In the worst-case scenario, you can even end up with frostbites which can lead to the amputation of your limbs.

You will have to wear a thicker pair of socks to keep your feet warm when hiking in an extremely low-temperature environment.

Steel-toed boots stay wet for longer

Steel toed hiking boots stay wet for longer

How long your boots will last will depend on how you treat them and the material used in making the boots.

Nonetheless, hiking boots tend to dry faster when they get damp compared to work boots due to the difference in the thickness of the leather used for making both of them.

Also, the combination of better heat conduction of the steel toes and the extra ounces of steel-toed boots puts more pressure on your feet which makes them sweat more.

This leaves the inside of your boot wet most of the time and can cause it to give off a foul odor if not properly taken care of.

When choosing a boot with steel toes for a short hike, make sure they are made of leather. Boots made of leather or synthetic leather can get wet but will not be ruined.

Boots made of suede, on the other hand, are easily ruined by mud or water.

We all know that wearing boots without properly drying them can facilitate their wear. That said, when you rely on steel-toed boots for hiking, you may have to put off several hikes because your boots are not dry enough to wear.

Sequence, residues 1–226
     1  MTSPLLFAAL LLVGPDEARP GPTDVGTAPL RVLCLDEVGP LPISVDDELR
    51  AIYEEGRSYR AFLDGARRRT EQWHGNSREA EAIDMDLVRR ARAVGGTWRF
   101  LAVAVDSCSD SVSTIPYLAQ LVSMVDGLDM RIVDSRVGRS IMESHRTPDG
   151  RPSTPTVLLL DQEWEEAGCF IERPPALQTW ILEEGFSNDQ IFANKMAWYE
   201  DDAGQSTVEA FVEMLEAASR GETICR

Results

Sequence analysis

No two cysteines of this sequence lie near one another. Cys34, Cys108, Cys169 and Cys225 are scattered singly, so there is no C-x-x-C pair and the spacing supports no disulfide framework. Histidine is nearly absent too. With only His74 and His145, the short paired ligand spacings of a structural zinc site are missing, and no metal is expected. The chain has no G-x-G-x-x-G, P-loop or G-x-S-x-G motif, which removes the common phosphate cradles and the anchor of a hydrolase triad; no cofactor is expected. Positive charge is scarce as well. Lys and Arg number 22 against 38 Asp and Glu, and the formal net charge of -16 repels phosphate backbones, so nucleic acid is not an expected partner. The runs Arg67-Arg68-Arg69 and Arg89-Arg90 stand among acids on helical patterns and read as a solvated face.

Are steel caps good for hiking?

When it comes to the safety of your feet, there is no better option than boots with steel caps. They are the toughest and strongest boots and are specially designed for use in industries.

However, the pain that often comes with them makes them less suitable for hiking.

For short hikes, the difference in pain may be negligible but you can’t ignore the crushing pain when you attempt to use the same for longer hikes. You can develop calluses or bruises when you wear them for long-distance hikes.

How to get rid of hurt from steel-toed boots while hiking

The added protection of steel-toed boots comes at a price, your comfort.

Unfortunately, improved protection also means increased weight and hardness. This makes steel-toed boots uncomfortable for long hikes.

If your steel-toed boots hurt badly, there are steps you can take to reduce the pain.

1. Get the right size

man wearing right size of steel toe hiking boots sitting near a lake

If you must use boots with steel caps for hiking, make sure that you get the right size. It should not be too short such that your toes are bent or mashed together.

If you will be hiking during the cold weather, consider getting steel-toed boots that are half an inch bigger than your size. Then, wear them with one or two thick socks so that it fits perfectly.

2. Wear toe guard

When you opt for steel-toed boots for hiking, you may discover that your big toe is rubbing against the steel. This creates extra pressure that can lead to the development of calluses.

Wearing a toe guard can also be a smart option to stop the hurt if you must hike with steel caps for a long distance.

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3. Change your lacing technique